It would have been nice if she could have tried to hear their experience from their perspective.

* * *

I agree and understand that it is difficult to say anything without offending anyone. It can get really tiring, always rethinking what you’re going to say so as not to hurt anyone. Especially those of us in positions of privilege, who have never had to think about race and sexuality being a disadvantage to anyone. But that doesn’t mean we shouldn’t try to be polite and sensitive at all times. It doesn’t mean we don’t need to apologize when we’ve unintentionally hurt someone’s feelings and try to learn from the experience.

I know I have and will continue to hurt people with my words, in part because my experience is incredibly limited. But instead of ridiculing and belittling people when they point it out, I want to actually hear their perspective, apologize, and try to be more sensitive next time.

And yes, part of maturing involves getting a tougher skin at times and not letting people’s words get to you. We don’t need to throw a tantrum every time someone says something that hurts our feelings. I agree with Walsh here, and am always trying to grow in that respect.

But at our core, we’re all dreadfully tender. We all ache to be loved and accepted. We all bleed at the slightest scratch if it hits the right spot. We just all have different tender spots. Haven’t we all been brought to our knees in agony by a glance, a word, a sneer, a phone call that never came? But instead of mocking people for their tenderness, we ought to try to be more gentle. Because we’ve all been there, haven’t we?

It’s easy and fun to make fun of people for being “sensitive” about things we’ve never had to deal with. Mockery shuts down the conversation quickly, so we never have to take responsibility for our ignorance.

But I’d rather go out of my way not to hurt my fellow bleeders. I owe it to them. And the best way to learn how to do this, I believe, is to listen. I’m going to try to keep my ears open and my judgey mouth shut as much as possible.

And definitely not tell them how they ought to feel.

Image courtesy of sciencesque.

What I’ve Been Up To (Instead of Blogging)

Man! It has been so busy around here! I thought I’d share a few pictures in lieu of a real blog post. So that you can see I’m not just being lazy.

Harvest from the garden . . .

onions1Onions curing in the sun!

squashLast year was lousy for squash, but we got a good haul this year!

pumpkinsAnd look at all these PUMPKINS! (And some spaghetti squash). These excite me to no end because we grew them from seeds I saved from a couple of heirloom pumpkins (red Cinderella and and gray Jarrahdale) I bought last year. I’d never saved seeds before. There’s something thrilling about watching two pumpkins turn into twenty. And look how gorgeous they are! They have thick, delicious flesh, too, which will be turned into pies and muffins throughout the winter.

Please note: I think some people are under the impression that I am doing this stuff all by myself. FAR FROM TRUE. I garden with my mom at her house. She’s been gardening for decades and has lots of excellent land to do it on. During spring and early summer, I go over there once a week to help plant, sow, weed, hoe, and pick a few things to take home. During the late summer and fall, I go over there two or three times a week to help harvest and preserve. It’s usually when we butcher, too. Last year we did hogs, because that’s what my parents raised; this year they raised meat chickens. I have to go back next week to do the last ten with my mom.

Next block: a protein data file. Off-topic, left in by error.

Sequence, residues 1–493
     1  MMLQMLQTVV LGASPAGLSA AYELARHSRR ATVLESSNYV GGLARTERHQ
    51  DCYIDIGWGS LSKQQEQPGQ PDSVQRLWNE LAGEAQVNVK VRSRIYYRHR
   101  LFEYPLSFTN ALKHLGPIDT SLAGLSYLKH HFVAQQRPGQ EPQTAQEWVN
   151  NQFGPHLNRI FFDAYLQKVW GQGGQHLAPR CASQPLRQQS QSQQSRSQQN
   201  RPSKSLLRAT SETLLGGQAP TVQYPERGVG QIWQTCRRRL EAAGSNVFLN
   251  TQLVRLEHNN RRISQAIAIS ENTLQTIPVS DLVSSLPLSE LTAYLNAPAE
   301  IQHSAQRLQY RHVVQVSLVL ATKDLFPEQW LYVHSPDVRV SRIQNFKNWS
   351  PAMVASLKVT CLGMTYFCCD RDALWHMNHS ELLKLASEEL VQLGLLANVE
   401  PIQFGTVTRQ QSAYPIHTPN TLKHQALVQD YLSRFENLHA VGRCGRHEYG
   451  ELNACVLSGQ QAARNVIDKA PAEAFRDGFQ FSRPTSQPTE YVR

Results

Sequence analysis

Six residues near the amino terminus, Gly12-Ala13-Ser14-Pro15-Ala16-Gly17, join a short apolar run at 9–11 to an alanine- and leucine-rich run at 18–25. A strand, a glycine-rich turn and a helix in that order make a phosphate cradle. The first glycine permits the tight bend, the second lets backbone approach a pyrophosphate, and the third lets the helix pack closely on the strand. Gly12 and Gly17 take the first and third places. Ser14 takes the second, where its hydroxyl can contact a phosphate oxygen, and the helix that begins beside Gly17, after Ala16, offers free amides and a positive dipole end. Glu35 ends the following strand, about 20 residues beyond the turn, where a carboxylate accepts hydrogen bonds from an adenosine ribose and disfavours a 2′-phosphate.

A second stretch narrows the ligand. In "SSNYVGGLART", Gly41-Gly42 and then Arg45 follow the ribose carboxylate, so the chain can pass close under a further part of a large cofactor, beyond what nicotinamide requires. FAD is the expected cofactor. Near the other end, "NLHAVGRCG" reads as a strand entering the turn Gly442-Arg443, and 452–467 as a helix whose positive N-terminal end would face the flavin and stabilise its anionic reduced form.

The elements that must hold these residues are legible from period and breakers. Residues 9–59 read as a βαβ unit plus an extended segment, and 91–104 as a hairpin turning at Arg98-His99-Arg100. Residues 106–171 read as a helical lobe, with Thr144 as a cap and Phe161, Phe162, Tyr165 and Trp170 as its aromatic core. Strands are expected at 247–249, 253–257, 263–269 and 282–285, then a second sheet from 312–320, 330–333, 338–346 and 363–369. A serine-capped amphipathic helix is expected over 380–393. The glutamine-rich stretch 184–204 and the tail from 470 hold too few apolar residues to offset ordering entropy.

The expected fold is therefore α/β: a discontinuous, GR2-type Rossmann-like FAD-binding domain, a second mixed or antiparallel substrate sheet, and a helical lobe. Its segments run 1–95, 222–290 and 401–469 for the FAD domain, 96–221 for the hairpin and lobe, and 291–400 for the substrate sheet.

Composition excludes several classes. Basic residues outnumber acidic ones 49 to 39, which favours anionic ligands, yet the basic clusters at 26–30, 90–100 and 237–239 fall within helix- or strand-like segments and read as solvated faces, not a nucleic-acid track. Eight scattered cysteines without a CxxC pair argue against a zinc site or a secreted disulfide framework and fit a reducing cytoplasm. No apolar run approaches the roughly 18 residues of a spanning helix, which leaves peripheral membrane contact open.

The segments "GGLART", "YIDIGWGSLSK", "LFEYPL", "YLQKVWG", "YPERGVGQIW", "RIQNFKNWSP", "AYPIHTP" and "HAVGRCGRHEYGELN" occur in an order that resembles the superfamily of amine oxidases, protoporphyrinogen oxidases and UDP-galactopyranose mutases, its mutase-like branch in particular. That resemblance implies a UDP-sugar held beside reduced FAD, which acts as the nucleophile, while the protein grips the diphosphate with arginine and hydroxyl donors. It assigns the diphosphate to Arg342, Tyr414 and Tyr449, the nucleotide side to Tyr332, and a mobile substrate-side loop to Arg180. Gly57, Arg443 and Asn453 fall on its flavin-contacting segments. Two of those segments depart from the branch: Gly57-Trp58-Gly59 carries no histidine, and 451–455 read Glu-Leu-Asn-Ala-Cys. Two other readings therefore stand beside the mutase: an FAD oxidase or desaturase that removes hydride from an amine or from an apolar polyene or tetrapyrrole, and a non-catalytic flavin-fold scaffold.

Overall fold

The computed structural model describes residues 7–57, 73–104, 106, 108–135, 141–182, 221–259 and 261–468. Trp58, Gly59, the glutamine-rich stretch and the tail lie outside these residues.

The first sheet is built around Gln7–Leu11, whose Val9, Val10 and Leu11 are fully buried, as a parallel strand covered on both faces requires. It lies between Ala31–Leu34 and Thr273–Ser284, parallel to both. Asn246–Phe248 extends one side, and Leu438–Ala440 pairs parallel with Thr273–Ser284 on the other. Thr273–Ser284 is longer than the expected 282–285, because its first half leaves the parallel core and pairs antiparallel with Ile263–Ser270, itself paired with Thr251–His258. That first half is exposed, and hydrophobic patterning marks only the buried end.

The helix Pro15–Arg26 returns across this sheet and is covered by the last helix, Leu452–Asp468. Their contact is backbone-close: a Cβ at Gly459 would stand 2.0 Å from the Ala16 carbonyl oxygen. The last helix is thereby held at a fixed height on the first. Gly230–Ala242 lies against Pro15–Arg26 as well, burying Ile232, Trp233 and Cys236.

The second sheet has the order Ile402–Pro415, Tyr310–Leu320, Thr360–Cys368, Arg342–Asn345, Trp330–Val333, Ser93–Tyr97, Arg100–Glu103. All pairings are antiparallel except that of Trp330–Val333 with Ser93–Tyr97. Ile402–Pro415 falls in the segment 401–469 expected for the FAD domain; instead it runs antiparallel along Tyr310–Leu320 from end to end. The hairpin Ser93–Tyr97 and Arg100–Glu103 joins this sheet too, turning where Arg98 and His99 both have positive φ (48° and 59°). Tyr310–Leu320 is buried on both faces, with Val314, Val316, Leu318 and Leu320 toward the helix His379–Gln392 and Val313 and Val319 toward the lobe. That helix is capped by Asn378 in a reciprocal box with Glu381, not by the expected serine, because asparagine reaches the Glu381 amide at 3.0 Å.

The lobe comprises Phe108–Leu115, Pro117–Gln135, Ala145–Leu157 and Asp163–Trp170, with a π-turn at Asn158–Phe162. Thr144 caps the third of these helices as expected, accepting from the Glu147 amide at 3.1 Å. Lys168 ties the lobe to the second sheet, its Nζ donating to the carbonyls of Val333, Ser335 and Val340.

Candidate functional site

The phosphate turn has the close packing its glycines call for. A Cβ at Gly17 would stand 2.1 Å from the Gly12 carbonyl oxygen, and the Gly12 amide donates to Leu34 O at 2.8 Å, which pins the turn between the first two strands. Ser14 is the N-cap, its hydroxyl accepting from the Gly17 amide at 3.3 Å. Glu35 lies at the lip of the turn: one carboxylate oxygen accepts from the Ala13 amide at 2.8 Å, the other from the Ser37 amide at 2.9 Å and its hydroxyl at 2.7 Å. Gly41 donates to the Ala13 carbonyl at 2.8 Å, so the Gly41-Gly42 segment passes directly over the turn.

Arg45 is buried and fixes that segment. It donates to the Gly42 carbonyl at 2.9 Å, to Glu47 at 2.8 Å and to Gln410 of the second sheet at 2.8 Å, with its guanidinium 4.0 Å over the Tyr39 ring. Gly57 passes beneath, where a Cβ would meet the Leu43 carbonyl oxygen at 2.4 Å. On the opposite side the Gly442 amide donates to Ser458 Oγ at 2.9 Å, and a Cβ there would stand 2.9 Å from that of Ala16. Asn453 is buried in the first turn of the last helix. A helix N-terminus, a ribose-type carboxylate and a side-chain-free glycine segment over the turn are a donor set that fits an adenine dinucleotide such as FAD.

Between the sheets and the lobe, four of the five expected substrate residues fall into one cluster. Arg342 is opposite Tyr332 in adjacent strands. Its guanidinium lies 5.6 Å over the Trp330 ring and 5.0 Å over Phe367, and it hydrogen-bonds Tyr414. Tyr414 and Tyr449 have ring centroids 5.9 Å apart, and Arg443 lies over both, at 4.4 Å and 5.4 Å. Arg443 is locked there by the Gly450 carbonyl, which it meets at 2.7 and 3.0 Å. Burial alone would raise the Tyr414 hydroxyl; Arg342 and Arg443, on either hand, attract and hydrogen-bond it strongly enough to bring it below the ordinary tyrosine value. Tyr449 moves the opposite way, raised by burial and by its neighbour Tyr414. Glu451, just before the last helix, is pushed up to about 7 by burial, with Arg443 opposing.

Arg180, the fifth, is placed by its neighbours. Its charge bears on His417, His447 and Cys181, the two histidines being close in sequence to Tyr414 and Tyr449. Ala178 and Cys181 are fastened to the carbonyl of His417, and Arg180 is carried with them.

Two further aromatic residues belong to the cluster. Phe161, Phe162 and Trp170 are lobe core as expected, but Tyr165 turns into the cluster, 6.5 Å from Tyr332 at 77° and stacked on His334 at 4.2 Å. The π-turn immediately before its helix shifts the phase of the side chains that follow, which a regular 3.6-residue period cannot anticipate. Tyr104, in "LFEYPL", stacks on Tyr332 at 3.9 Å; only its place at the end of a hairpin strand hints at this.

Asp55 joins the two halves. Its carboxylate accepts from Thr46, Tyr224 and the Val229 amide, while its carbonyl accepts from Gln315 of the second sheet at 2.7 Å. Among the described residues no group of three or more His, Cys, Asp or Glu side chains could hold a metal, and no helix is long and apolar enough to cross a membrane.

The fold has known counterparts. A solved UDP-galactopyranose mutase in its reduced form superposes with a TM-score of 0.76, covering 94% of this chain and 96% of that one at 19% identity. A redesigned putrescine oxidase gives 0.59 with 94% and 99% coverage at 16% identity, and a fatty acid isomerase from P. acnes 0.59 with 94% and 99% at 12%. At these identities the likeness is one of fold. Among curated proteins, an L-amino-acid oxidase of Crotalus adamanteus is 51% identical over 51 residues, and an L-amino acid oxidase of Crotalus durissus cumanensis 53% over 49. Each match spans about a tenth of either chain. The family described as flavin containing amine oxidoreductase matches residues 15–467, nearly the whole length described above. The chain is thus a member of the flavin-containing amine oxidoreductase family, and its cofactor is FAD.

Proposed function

At our own home, we raise four hens for eggs and an herb garden. That’s it.

Anyway, we did all this canning this week:

tomatoesDiced tomatoes, tomato sauce, and salsa. My mom’s been doing additional canning like a madwomen in the evenings when my sister and I are not there. She’s insane, and also awesome. We still want to put in another day or two.

Anyway, all this work is made a bit more taxing due to all this extra weight I’m carrying:

28 weeks

Yeepers! I still have three months to go! How huge am I going to get?! I’ve been huffing and puffing for weeks already, and my hips are starting to get achy. I was about this size at nine months when I gave birth to Lydia, so . . . this is uncharted territory for me. (Ben conveniently cropped out my badonkadonk, so you can’t see how much weight I have gained in the lower region of my body.)

And for fun, on the weekend the three of us went to see WALK OFF THE EARTH in concert!! (I went a little crazy talking about the band here.) They were playing at a venue less than an hour away, and we’re all huge fans, including Lydia. She knows all the members’ names and likes to imitate Sarah in Material Girl and drum on the hood of the van like the guys in Gang of Rhythm.

Walk Off the Earth concert

It was an outdoor concert, and we had a hard time finding a babysitter, and we really though Lydia would enjoy it. So we took a risk in taking her. It went great! She was a little overwhelmed by the volume and lights. This is how her face looked throughout most of it:

watchingAnd when they sent huge balloons out into the crowd, she cried because she couldn’t have one. Until someone handed her one! Then she was thrilled. It made her night.


familySo things have been busy, but good. So, so good. I’m overwhelmed with the blessings in my life right now. I hope you are doing well, too!